pews,” she said.

plans to address topics related to neuroscience and biology as well as issues
that might arise in the news.

and Father Woost, are preparing to explore the emerging field of neurotheology — also known
as spiritual neuroscience — and how the brain may be hardwired for
spirituality in their course. Father Woost, who has led retreats on the
Christian mystical tradition and researched the topic, said the course should
give students insight into how people experience religion and grace.

number of people are studying this who are supportive that God and human beings
interact and the brain is the primary locus for this interaction,” Father
Woost explained.

Father Mark A. Latcovich, president-rector
of the Cleveland seminaries, said the courses will help present the
Gospel to a world that “values science more than anything else.”

everything being said today from the church’s perspective about the new evangelization
or even Pope Francis in the “Joy of the Gospel,” we really have to
learn to talk with the culture and embrace it and be able to transform it,”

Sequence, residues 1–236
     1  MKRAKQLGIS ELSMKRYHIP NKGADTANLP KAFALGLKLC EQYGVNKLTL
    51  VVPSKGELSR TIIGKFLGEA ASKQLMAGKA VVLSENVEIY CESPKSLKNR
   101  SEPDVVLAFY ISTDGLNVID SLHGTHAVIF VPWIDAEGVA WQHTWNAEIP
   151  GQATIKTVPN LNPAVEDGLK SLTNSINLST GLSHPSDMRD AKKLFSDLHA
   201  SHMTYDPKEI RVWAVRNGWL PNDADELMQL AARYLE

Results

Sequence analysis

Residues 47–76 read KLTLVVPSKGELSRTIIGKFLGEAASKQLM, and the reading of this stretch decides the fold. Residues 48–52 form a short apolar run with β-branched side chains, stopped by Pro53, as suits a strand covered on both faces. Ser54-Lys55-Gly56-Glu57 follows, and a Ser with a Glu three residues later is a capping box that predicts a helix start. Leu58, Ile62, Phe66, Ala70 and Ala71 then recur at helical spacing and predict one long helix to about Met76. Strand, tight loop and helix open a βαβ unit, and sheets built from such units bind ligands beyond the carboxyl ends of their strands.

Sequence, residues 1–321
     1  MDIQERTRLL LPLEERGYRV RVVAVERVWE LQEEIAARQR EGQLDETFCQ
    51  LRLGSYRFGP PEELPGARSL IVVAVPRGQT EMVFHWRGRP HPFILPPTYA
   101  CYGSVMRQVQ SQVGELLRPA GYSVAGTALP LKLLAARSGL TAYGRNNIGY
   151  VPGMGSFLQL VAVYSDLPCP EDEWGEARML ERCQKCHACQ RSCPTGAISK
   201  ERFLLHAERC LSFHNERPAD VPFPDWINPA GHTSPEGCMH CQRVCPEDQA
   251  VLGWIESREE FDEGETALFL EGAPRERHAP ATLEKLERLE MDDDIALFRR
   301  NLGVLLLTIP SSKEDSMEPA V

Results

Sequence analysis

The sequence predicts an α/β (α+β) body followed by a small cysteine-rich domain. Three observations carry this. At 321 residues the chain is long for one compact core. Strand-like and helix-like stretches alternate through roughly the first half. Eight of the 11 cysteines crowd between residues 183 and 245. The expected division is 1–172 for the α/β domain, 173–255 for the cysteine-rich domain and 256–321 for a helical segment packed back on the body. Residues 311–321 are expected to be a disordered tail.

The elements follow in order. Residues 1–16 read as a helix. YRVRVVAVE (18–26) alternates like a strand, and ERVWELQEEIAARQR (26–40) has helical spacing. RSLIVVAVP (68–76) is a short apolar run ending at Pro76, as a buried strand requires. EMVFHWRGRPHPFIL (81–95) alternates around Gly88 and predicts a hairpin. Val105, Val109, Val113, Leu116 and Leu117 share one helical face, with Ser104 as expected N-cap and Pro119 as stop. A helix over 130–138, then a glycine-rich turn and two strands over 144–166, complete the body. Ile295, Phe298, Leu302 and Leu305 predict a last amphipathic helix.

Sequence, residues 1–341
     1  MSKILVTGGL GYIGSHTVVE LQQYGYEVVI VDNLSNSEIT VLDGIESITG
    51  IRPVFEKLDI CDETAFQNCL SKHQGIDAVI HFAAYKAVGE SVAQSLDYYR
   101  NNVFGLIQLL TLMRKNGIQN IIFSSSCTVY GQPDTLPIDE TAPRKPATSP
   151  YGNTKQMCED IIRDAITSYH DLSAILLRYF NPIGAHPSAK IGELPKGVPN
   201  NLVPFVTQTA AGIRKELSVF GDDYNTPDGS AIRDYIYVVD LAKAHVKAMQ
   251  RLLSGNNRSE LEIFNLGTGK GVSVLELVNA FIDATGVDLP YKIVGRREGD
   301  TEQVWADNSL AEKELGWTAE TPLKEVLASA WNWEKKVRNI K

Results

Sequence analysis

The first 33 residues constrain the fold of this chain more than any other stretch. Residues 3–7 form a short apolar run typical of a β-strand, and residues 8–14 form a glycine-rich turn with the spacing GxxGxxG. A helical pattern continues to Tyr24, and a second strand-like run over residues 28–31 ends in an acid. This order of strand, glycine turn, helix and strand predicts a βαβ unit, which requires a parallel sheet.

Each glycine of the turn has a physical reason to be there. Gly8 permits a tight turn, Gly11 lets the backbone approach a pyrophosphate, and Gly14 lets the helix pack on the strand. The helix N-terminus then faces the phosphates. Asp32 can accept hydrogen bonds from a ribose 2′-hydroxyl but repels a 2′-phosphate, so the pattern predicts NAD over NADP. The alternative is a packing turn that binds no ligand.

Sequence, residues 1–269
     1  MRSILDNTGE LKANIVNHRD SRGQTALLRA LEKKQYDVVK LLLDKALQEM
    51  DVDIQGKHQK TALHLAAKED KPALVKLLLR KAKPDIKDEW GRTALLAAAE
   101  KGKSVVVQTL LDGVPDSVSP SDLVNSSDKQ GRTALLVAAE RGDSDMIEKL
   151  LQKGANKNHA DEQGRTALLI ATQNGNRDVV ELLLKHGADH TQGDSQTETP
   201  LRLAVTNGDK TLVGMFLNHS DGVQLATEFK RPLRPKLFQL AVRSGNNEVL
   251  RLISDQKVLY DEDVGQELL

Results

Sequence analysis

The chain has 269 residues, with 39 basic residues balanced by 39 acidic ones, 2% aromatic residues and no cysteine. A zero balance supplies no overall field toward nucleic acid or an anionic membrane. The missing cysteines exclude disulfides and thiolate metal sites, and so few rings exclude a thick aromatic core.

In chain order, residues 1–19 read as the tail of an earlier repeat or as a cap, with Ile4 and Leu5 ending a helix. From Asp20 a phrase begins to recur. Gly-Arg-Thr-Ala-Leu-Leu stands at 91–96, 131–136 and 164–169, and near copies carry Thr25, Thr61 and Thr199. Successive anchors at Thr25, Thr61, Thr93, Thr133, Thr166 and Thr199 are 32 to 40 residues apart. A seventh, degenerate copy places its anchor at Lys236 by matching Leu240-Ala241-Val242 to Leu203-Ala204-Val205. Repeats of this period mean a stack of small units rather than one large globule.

he told CNS.

said last year’s request for proposals drew interest from 41 seminaries. A
second round of funding, for courses during the 2017-2018 academic year, was
announced in March. Donnelly said the program plans to fund another 15 seminary
courses. Some funding is available for courses that will be taught again.

are due May 3. From those submitted, a committee will invite finalists to
submit full proposals by Aug. 22. Awards will be announced Sept. 20.

component of the grant provides seeks to encourage writing on science and
faith. In the first year, four seminarians and three seminary faculty received cash
awards for their writing.

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Note: Information on the grant program is available at https://sites.jcu.edu/semscience.

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Sadowski on Twitter: @DennisSadowski.